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Davis or Tufts or ...? for wildlife

skunkmama92

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I'm currently applying to Tufts, UC Davis, Minnesota, Oregon, Western, and Wisconsin. I was hoping that anyone (alumni or current students) could let me know their personal thoughts on the wildlife/zoological/exotics programs? I've heard that Wisconsin and UC Davis have great wildlife programs, but I'm struggling to find information on their websites. Currently Tufts is my #1 for wildlife and conservation medicine.

Also I was hoping anyone who went to these schools could also share what they like most about the program/school, and what they liked least?

Currently the most advice I'm receiving is to go to whichever school is cheapest. Do you agree?

Thanks!!
 
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MixedAnimals77

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Currently the most advice I'm receiving is to go to whichever school is cheapest. Do you agree?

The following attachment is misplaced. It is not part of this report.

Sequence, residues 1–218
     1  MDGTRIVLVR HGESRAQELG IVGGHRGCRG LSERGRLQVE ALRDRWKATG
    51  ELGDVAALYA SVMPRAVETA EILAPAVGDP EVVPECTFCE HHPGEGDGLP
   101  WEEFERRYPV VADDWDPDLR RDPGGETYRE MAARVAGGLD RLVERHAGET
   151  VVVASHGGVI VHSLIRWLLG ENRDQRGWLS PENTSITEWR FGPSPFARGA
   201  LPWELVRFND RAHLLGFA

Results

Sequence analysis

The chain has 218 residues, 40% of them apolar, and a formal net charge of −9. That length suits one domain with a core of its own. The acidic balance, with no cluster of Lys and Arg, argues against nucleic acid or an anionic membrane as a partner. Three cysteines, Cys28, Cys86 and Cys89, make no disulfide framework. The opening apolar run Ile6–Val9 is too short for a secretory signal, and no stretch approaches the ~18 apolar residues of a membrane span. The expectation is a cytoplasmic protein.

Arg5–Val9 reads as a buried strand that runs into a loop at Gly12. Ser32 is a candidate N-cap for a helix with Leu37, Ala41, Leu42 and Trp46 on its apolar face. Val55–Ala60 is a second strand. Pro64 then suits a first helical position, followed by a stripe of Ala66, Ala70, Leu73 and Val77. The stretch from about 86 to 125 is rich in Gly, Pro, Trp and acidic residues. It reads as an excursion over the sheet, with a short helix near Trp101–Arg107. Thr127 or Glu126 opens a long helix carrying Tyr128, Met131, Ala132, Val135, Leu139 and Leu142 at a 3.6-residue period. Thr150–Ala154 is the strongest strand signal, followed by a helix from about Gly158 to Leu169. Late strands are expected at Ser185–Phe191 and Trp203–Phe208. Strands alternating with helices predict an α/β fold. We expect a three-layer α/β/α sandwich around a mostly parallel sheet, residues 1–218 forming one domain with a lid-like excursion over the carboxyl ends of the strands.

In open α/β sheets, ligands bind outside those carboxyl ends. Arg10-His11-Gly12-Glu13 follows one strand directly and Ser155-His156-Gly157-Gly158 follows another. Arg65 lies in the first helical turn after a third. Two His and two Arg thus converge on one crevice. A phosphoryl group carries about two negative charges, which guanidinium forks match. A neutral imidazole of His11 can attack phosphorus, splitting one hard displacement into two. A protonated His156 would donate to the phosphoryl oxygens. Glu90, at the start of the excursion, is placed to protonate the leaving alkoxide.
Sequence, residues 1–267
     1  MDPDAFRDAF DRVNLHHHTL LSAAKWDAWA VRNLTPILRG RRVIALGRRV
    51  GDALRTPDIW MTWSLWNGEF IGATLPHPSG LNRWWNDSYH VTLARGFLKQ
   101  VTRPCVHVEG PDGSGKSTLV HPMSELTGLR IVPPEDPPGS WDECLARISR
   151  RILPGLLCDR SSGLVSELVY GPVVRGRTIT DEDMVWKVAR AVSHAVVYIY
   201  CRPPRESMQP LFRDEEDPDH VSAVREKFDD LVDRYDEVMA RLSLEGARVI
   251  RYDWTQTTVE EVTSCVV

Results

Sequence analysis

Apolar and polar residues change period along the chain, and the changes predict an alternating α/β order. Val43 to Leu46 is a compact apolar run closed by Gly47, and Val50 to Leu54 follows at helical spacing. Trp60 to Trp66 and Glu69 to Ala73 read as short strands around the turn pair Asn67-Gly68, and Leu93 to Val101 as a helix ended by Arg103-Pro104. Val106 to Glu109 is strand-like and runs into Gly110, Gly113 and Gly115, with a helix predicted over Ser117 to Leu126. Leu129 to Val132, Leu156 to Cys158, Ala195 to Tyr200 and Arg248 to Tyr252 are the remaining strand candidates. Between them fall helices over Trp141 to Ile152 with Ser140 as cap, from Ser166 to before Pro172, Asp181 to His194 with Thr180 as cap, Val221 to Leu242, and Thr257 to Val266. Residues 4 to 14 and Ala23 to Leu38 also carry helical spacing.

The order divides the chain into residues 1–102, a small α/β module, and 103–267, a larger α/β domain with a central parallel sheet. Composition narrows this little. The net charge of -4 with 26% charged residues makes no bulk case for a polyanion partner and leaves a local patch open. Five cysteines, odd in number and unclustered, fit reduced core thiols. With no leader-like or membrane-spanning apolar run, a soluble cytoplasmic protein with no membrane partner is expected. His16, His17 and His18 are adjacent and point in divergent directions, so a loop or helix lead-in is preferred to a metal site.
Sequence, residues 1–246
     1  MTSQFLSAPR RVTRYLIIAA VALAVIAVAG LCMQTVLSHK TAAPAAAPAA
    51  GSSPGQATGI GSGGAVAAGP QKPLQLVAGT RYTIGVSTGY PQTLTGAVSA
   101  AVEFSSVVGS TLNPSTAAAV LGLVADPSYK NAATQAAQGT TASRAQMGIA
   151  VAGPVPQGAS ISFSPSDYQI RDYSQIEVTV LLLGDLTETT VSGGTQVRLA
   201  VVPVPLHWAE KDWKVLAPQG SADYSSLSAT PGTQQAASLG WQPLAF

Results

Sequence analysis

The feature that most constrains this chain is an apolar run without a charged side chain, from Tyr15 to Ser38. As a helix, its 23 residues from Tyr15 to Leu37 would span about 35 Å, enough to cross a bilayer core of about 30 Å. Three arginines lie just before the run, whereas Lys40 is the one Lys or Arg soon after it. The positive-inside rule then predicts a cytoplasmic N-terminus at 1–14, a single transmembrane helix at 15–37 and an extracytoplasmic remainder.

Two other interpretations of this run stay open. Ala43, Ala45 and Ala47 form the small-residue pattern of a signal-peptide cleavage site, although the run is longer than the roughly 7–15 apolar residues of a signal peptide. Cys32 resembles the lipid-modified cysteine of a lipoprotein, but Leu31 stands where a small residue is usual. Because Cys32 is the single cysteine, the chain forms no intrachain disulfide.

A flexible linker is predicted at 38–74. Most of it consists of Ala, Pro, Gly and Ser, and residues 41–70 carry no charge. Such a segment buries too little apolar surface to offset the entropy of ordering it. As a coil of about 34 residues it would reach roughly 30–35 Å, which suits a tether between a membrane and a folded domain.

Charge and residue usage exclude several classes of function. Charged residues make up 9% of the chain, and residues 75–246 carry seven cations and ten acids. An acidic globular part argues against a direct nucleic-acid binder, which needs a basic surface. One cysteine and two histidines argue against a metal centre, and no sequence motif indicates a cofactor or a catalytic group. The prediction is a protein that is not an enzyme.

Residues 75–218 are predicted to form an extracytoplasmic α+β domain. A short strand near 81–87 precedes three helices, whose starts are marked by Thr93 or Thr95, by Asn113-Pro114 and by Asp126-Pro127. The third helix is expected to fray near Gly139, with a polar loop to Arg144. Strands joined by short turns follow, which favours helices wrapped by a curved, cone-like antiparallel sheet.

Thanks!!
I can't comment on the specific schools you're asking, but pretty much everyone agrees-go to your cheapest option unless some extraordinary circumstance ie parent dying. There's a huge difference between 100k vs 200k in debt. Even just a difference in 10k makes a huge difference. Some will argue x amount of money is worth it to go to your "dream" school but in reality you'll never 100% know if you'd be happy in a program until you go through it. IMO at the end of the day it's 4 years vs 10-30 years of debt that impacts every decision you make from getting a new car, buying a house, to getting married and having kids. I take it you're very interested in wildlife/conservation med which doesn't pay great to begin with so lower debts are even more important. What is most important is no matter where you go make opportunities for yourself and network. Tagging some people for their schools